in Pediatrics on

Pam Modugno, OTR/L

 

Children with a wide range of underlying conditions may exhibit inappropriate reactions to sensory stimuli which collectively can be thought of as sensory processing disorders.

The reaction can either be unnecessarily strong, such as hiding under a table at the sound of a vacuum, or at the opposite end of the spectrum, inappropriately mild, such as a lack of reaction to the pain of a nasty bruise or cut.

 

The brain is the organ responsible for organizing and responding to information from the outside.  While each individual will have a different response to sensory information, there are norms and conventions.

 

“When a child is brought in we will evaluate them through observation and interview their parents. The parents first fill out a sensory questionnaire,” said Pam Modugno, OT/R, a pediatric occupational therapist at Bacharach’s main campus. The occupational therapist observes how each child is responding to stimuli – sounds, sight, taste, touch,  movement and their level of body awareness in order to understand how they are processing sensory information and if it interferes with their function.

 

Sensory processing disorder may be exhibited in a number of different ways.  There may be a lack of balance and coordination, the child may be sensitive to different textures or there may be tantrums when plans change or routines are disrupted.

 

Pam has seen many different reactions –  from children who are overly cautious and fearful of movement to others who become risk-takers, and will climb to dangerous heights with no fear.

 

“It is important to get to know each child individually and make helpful changes to their environment,” said Pam. “For example for kids who are over stimulated we would remove clutter and dim the lights.”

 

The occupational therapists uses a lot of specialized equipment, such as obstacle courses, balance beams, crash pads, scooters, weighted vests, and therapy balls.  “The equipment is used to encourage an adaptive response to stimuli, but also to be fun so that the kids enjoy therapy.”

 

“Children with sensory processing disorder may have a fight-or-flight reaction to stimulation. If someone brushes up against them unexpectedly it can freak them out,” said Pam. “Sensory processing disorder can make it difficult for a child to learn in school or deal with changes in a routine. The activities we do with the children are based on their interests and are designed to try to get them to appropriately respond to sensory input.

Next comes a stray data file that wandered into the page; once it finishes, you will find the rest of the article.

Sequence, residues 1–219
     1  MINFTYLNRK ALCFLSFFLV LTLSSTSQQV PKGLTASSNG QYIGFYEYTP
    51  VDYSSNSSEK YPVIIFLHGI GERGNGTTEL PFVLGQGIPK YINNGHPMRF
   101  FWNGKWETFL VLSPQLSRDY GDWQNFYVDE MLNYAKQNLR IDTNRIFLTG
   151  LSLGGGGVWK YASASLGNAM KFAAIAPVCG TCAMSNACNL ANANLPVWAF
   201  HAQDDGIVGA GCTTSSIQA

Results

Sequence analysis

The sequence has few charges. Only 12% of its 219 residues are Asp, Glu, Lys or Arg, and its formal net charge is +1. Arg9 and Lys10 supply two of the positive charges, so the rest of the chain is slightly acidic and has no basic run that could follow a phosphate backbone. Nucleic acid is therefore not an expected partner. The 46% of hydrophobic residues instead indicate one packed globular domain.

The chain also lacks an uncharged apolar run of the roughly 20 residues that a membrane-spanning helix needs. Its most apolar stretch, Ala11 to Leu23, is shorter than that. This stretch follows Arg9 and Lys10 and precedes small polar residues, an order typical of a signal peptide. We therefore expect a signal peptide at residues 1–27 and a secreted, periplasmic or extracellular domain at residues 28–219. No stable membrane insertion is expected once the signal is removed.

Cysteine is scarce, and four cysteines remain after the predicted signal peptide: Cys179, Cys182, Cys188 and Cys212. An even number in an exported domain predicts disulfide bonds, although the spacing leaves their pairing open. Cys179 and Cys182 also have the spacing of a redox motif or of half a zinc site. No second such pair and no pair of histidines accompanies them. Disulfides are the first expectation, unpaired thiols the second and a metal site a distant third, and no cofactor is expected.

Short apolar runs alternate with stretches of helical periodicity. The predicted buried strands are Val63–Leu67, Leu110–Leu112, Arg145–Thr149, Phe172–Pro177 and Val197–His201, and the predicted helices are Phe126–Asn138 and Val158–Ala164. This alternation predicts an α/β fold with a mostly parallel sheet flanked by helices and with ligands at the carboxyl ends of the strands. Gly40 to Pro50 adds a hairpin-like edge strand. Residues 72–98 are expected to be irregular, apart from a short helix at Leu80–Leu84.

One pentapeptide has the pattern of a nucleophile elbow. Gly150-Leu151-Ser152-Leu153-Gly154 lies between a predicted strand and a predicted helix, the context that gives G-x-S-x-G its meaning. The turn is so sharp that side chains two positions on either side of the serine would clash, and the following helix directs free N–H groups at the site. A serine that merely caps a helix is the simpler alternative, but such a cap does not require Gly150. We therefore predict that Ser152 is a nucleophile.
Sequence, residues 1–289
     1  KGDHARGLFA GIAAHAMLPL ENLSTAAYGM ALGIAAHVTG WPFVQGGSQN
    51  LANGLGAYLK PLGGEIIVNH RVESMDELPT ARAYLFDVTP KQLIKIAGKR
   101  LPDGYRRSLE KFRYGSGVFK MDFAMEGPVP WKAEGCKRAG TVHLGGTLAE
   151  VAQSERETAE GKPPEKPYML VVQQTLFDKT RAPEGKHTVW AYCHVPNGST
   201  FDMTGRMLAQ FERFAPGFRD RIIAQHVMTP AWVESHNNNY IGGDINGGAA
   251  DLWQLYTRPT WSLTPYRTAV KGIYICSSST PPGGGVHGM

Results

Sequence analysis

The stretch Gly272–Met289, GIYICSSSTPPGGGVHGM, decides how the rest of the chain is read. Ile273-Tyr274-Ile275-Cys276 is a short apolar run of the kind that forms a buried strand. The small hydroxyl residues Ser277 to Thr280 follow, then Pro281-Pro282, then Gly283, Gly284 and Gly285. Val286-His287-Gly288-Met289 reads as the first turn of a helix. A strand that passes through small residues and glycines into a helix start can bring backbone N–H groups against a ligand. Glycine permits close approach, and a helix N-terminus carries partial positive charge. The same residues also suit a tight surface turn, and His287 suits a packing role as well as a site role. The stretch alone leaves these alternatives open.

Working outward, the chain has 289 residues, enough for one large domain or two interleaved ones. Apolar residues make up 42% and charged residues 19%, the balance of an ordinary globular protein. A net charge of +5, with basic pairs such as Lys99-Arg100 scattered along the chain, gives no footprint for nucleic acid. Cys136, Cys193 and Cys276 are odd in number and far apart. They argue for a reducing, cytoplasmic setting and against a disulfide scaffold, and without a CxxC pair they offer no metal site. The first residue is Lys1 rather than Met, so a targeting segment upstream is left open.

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The pediatrics team uses toys and games to make therapy fun for every child.

 

The pediatrics team does not just work with children, but with the children’s parents as well. Together they develop a home program which helps parents modify their home so their child can safely work on and improve their skills.

 

“Children are always referred to us by a doctor.   They may come to us based on a wide variety of diagnoses including ADD, ADHD, autism, hyperactivity, auditory processing disorder, visual perception problems, balance and proprioception problems, or anxiety disorders. All of these conditions may cause the child to have difficulty reacting to stimuli appropriately.  How they react is something we discover and often it is the first time parents are hearing about sensory processing disorders.”

 

“I love working with children, it’s very challenging but very rewarding as well. I also enjoy getting to work with parents too,” said Pam. “The parents are always grateful and happy that they can finally understand why their child has all these behaviors.”

 


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